ST. PETERSBURG, Fla. — Pointing back to similar actions he took as governor over a decade ago as precedent, Rep. Charlie Crist added his voice to calls from Democratic lawmakers to current Gov. Ron DeSantis to extend both the amount of money and the length of time residents can claim unemployment benefits.
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Florida is considered to have some of the least generous unemployment benefits in the country, with a maximum payout of $275 weekly for 12 weeks.
On a Zoom conference call on Wednesday, Tampa Democratic Rep. Kathy Castor said that she was told in a recent conversation with officials with the Florida Department of Economic Opportunity that they did not have the authority to make such a change.
“They said that’s in statute and we don’t have the authority do to that,” Castor said. “They’re wrong. That’s incorrect.”
As an example of how the state has more flexibility, Castor cited the fact that DEO executive director Ken Lawson signed an order last week that temporarily waived the one-week waiting period before people can start to collect benefits. A requirement on applicants showing that they had looked for immediate work has also been temporarily waived.
When he was the Republican governor of Florida a decade ago during the Great Recession, St. Petersburg-based Congressman Charlie Crist twice invoked his emergency powers to help citizens receive extended temporary unemployment benefits, even though he said there was the possibility that he could have been sued for doing so.
Now with a record number of Floridians needing unemployment benefits, he’s calling on DeSantis to the same thing.
“I was pretty sure if I tried to do that as governor …there was the possibility of – even the probability of a suit against me for doing so,” Crist said this morning. “But I understood what the statute said.”
Crist served as Florida’s Attorney General for four years (2003-2007) and says in that capacity he was used to getting sued. But he said that dealing with those concerns are part of the job.
“You have to have the courage and the strength and know what’s right and be driven by what’s right and what’s legal,” he said. “And what’s legal in this is for the governor to do exactly what I did and go ahead and extend additional benefits to the people in a time of need. “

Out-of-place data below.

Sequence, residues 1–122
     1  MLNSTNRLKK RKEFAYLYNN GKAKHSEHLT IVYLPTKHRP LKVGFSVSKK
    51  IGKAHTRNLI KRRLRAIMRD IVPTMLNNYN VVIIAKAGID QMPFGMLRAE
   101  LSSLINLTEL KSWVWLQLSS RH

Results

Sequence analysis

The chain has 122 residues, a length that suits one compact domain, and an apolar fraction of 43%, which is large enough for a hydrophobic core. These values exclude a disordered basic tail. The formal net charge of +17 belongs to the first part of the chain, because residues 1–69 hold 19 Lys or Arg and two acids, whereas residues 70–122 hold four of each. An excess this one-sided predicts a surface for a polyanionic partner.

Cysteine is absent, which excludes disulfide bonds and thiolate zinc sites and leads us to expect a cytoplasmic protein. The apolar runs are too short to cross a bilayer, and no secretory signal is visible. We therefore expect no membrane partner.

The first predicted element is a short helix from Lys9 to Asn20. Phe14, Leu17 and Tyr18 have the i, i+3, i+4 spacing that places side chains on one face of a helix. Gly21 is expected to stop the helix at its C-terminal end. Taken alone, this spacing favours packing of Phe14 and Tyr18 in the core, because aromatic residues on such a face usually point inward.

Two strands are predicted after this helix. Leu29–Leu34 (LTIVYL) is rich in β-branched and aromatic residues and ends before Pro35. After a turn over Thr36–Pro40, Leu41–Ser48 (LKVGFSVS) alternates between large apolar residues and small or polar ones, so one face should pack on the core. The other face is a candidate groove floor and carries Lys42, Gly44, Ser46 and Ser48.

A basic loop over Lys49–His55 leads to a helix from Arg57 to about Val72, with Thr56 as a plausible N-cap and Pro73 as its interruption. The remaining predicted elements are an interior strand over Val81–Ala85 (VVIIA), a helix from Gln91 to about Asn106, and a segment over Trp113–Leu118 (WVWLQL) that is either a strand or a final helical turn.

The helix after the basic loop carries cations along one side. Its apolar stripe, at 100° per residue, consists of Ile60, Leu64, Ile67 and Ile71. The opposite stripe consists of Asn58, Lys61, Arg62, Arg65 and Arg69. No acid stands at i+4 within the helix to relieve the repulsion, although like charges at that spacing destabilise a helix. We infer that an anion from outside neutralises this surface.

At least two other governors have issued executive orders regarding unemployment benefits.
In Georgia, Republican Governor Brian Kemp signed an executive order on March 26 extending the length of time an individual can collect benefits from 14 weeks to 26 weeks.
And Michigan Democratic Governor Gretchen Whitmer signed an agreement with the Department of Labor last week to grant benefits to include independent contractors, gig and low-wage workers who cannot work because of the pandemic. That agreement also extended benefit payments from 26 to 39 weeks.
Crist said that he wasn’t trying to be partisan in calling for DeSantis to extend unemployment benefits.
“I’m not offering this as criticism. I’m offering it as friendly encouragement. For someone who has been governor, I can empathize with where the governor is right now,” he said. “These decisions aren’t easy, but it’s pretty crystal clear to me what is right and what is just.”
Michele Evermore with the National Employment Law Project said on the call that the average weekly unemployment benefit around the country is around $366, while Florida’s average is $251 (the $275 amount is the maximum anyone on unemployment in Florida can receive).
While Democrats continue to push DeSantis to be more generous with Florida’s unemployment program, an even bigger story right now is how difficult it has become for Floridians to register to qualify for unemployment benefits.
With the state’s unemployment website having issues and phone lines tied up for hours, the state is making paper copy unemployment applications available, leading in some cases to chaotic lines in South Florida where people are not able to observe social distancing.
The Department of Economic Opportunity says that beginning this week more than 500 people will support the Reemployment Assistance claims process through contracts with customer call centers, CareerSource center staff, and state employees.
Also, the state says that by next week those staffing numbers will double when additional employees are added handle claims.